• In case of cluster headache, the pain is limited to the temporal, frontal and periorbital regions. However, sinus headache occurs in the area of the sinus affected. If your ethmoid and frontal sinuses are affected, you will experience pain in the forehead.
  • Cluster headaches appear suddenly. However, sinus headache symptoms often appear due to weather change, onset of menstruation cycle and / or head cold.

  • Cluster headaches are common in men since the headaches are linked to cigarette smoking. However, with change in lifestyle, women are also getting these headaches.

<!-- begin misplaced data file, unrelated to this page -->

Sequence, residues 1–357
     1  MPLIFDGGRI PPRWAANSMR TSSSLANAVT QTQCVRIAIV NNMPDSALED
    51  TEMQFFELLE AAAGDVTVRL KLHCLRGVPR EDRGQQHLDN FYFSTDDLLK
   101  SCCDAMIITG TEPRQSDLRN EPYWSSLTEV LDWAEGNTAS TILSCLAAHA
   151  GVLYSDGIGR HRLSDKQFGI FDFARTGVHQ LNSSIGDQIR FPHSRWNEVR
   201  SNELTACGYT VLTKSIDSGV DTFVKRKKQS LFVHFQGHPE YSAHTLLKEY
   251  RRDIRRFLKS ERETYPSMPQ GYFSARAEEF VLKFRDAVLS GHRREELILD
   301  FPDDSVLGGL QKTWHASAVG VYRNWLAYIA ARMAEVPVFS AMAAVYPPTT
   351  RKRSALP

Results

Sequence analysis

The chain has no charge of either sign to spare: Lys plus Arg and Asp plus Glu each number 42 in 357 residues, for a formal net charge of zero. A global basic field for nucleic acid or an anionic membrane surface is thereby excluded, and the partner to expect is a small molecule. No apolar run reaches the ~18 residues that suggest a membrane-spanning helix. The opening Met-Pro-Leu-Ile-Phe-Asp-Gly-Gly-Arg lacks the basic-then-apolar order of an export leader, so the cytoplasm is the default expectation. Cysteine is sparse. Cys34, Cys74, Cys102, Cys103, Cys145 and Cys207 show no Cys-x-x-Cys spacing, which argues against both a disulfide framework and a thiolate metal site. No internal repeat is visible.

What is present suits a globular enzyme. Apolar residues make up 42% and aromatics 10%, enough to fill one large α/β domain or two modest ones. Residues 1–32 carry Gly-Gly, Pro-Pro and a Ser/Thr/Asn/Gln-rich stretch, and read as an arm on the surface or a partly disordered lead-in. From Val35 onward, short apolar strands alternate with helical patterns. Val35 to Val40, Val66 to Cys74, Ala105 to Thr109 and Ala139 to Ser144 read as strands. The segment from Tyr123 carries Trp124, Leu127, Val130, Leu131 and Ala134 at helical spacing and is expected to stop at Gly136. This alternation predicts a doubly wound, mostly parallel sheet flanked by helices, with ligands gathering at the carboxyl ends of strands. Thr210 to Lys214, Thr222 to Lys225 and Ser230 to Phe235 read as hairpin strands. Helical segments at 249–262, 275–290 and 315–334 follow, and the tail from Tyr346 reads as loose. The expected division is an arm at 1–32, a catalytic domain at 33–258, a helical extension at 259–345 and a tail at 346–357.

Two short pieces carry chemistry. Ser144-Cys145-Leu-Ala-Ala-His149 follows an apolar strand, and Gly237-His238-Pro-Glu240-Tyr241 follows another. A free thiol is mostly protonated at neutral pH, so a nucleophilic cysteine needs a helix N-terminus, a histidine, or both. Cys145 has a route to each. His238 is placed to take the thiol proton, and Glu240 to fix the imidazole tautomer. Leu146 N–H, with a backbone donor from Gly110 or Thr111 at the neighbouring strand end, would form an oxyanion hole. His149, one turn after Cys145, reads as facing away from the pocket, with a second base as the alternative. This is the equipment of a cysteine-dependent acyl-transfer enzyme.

• Both men and women have equal chances of having sinus headaches.

  • Cluster headache can be chronic. Sinus disease rarely leads to chronic headaches.
  • Cluster headache therapy consists of abortive (cure) and prophylactic (preventive) drug treatments and surgery.

  • If you treat the sinus congestion and infection, sinus headache will disappear.  Steam inhalation, antibiotics, nasal sprays and decongestants relieve the congestion and infection.

Thursday, September 6, 2012

Constituent infections of Kartagener’s syndrome

A syndrome is a combination of symptoms of different diseases, which collectively characterize a particular mental or physical disorder. Rare hereditary Kartagener’s syndrome, a subgroup of primary ciliary dyskinesia (P.C.D.), involves infections of the genitals and respiratory tract: male infertility, severe sinus infection symptoms(sinusitis), situs inversus and bronchiectasis.


Kartagener’s syndrome triad